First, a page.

Sunday notebook: Little man Sproles

PITTSBURGH –The Pittsburgh Steelers will face one of the smallest backs in the NFL this evening when they take on Darren Sproles ...

... The 5-foot-6, 181-pounder will replace LaDainian Tomlinson for the San Diego Chargers today. In a relief role last week against the Indianapolis Colts, Sproles rushed for 105 yards, his second 100-yard game in a row and the third of his four-year career.

Aaron Smith of the Steelers compared Sproles to Warrick Dunn. The only other valid comparison might be Maurice Jones-Drew, who's an inch taller than Sproles and 27 pounds heavier. Jones-Drew played against three of the AFC playoff defenses – Steelers, Ravens, Titans -- and ESPN asked him which was the toughest to run on.

"They all have great guys out there," Jones-Drew said. "We were able to run the ball on a couple of them, but the Steelers were pretty much able to shut us down.

"But I like them all. I think they're great, physical defenses and I really couldn't pick one. If I did, I'd go with the AFC South and say the Tennessee Titans just because they're representing our division."

Jones-Drew rushed for 79 yards on 22 carries in two games against the Titans this season, and 78 yards on 23 carries against the Ravens. Against the Steelers, Jones-Drew was held to 7 yards on 5 carries. ESPN asked Jones-Drew which Steelers defender is the one Sproles should watch out for.

"Well," he said, "you have (Troy) Polamalu in the back and (James) Harrison rushing the passer, but I think the key guy is Aaron Smith, their defensive end. He does a great job of stopping the run on the offensive right side. He's the guy you really have to account for. When we played them, it was hard to run on the right side because he was there making tackles, chasing guys down from the back end. He's the key guy to keep your eye on. He's not heralded but he's hard-working and gets the job done."

CLIFF BRANCH II

Smith was talking about tackling Sproles when the Heinz Field playing surface was mentioned. Willie Parker had said earlier in the week that Sproles wouldn't be able to cut at Heinz Field the way he normally does.

"If you guys want," Smith said, "I can take a shovel out there before the game and make some chunks. I wouldn't mind, especially with that little guy running. It might slow him down a little bit. He's fast."

Smith was reminded about the legends of Cliff Branch, and how the Steelers allegedly iced up the edges of the field before a playoff game to slow the Oakland Raiders' deep threat.

"Can't blame them," Smith said. "Is anybody watching the stadium right now? I could get my rototiller out and tear that field up a little bit."

KICKING GAME EDGES

The Steelers have the NFL's top kickoff coverage team and will be at full strength to stop Sproles, who helped the Chargers rank ninth in kickoff returns. Sproles and the Chargers were eighth in punt-return average while the Steelers' punt-coverage team ranked fourth.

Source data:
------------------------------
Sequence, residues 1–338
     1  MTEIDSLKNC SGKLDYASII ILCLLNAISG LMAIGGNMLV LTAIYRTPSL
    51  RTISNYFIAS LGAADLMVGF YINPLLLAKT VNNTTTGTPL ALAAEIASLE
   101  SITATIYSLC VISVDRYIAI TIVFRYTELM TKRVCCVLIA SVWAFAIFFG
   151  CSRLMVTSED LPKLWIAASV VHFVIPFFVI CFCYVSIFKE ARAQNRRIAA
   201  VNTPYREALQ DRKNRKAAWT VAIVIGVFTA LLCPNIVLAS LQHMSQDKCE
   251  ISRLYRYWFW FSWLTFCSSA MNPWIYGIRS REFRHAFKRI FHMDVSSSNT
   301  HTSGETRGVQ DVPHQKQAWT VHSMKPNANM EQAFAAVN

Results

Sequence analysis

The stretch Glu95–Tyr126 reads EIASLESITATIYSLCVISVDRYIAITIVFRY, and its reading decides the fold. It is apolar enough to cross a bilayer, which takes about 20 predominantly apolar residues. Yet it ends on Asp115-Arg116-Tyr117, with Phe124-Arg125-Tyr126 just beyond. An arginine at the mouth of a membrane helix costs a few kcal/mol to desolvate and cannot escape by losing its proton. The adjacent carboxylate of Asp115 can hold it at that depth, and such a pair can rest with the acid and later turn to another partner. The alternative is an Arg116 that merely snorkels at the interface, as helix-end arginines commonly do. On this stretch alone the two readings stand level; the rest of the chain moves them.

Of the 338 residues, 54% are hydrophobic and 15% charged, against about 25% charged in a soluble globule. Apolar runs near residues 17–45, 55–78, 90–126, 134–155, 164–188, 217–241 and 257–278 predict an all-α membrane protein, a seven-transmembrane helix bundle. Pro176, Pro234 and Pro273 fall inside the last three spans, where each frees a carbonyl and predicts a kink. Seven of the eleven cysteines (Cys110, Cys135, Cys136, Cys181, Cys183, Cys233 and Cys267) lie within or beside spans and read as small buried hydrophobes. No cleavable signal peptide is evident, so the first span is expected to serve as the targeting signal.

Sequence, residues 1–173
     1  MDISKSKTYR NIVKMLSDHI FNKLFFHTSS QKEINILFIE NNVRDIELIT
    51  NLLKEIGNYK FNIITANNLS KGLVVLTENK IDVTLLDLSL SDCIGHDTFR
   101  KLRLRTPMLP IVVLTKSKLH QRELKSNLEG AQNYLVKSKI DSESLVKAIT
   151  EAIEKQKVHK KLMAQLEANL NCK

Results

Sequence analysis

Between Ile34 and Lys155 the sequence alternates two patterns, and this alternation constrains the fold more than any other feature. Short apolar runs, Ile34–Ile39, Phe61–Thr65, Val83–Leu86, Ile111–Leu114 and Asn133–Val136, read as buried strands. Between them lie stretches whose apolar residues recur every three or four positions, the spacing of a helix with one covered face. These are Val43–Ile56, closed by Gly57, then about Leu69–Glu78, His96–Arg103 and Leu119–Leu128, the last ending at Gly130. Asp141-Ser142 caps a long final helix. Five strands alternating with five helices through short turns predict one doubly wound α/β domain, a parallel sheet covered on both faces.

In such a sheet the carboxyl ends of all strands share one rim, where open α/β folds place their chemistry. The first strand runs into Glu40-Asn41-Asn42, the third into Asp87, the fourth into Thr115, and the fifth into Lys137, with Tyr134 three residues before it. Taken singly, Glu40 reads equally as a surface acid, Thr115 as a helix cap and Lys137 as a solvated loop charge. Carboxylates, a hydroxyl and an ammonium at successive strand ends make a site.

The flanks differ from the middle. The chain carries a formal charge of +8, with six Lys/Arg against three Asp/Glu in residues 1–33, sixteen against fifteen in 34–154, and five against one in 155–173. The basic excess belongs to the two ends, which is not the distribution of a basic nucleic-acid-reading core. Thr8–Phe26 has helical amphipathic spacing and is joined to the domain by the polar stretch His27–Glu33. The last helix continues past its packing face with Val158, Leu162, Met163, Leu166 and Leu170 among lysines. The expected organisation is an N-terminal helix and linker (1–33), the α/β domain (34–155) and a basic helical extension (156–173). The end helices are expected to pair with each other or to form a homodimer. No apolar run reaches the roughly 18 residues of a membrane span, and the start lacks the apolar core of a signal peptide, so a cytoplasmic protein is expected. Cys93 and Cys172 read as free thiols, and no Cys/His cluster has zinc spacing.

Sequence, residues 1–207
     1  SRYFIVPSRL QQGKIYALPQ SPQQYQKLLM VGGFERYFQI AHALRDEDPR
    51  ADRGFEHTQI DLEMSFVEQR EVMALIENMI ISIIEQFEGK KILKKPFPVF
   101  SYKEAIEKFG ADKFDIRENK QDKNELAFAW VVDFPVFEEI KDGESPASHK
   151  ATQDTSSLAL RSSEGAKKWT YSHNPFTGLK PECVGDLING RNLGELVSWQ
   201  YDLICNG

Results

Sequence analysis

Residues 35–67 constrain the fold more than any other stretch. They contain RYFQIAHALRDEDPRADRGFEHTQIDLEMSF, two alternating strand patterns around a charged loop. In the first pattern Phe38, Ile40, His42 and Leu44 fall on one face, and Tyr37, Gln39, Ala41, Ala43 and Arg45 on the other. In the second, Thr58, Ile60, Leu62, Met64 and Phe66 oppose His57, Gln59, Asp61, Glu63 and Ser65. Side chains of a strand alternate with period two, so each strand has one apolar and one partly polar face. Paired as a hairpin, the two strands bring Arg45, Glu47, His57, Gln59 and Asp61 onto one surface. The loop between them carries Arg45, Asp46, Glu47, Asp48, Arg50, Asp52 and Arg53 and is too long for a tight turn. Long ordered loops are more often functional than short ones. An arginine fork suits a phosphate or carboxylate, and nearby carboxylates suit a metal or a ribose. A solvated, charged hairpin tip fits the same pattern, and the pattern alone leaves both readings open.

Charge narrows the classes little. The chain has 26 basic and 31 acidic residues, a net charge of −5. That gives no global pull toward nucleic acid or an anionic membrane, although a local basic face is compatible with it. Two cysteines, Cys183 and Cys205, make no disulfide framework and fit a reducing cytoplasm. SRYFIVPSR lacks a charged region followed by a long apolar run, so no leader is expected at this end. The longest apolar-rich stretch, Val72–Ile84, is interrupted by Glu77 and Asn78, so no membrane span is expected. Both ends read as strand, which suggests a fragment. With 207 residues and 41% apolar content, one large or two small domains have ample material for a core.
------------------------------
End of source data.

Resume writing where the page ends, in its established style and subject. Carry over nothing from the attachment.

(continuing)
The Chargers will have the edge in punting with Mike Scifres, who downed three punts inside the Colts' 7-yard line last week that led to 17 Chargers points. Scifres averages 45.7 yards per punt, while Mitch Berger of the Steelers averages 41.3.

The Steelers have the edge in placekicking with Jeff Reed, particularly since Chargers kicker Nate Kaeding has missed the last two practices with a groin problem. Kaeding has made only 3 of 8 kicks from 40-49 yards this season. He missed from 42 yards at Heinz Field earlier this season.

ALL-PRO TEAM

Troy Polamalu and James Harrison were named to the Associated Press first-team All-Pro team this week. They are the first teammates to make the first-team defense in seven years.

Ravens middle linebacker Ray Lewis, considered a shoe-in for the Hall of Fame when he retires, was named to his sixth All-Pro team. Dermontti Dawson, who finally reached the finalists round of the Hall of Fame voting this year, is one of only 17 players in NFL history to be named to six consecutive first-team AP All-Pro teams. Fifteen of those 17 players are already in the Hall of Fame, with Dawson and the yet-to-become-eligible Larry Allen the exceptions.

I-FORMATION BLUES

The Steelers' success from the I-formation against the Cleveland Browns brought all kinds of questions about the formation from reporters this week, but the players weren't tipping their hand.

"Those were the only questions I was getting today," Willie Parker said.

What did he say?

"Whatever play they call, whatever formation they call, I'm at your service," Parker said. "I'm not going to complain."

Neither would Carey Davis, who inexplicably lost his job as lead blocker after the first Chargers game.

"I have no idea why," Davis said. "But we're winning games. That's what matters."

The bulked-up Davis got even bigger this off-season after his first year as a pro fullback, and felt his lead blocking had never been better. But the Steelers have used the traditional I-formation – two RBs and one TE – on only four run plays since the Chargers game. The tight ends, Sean McHugh and Heath Miller, did the work for those carries.

"It's the formula that we have and we're winning," Davis said. "Whatever wins games."


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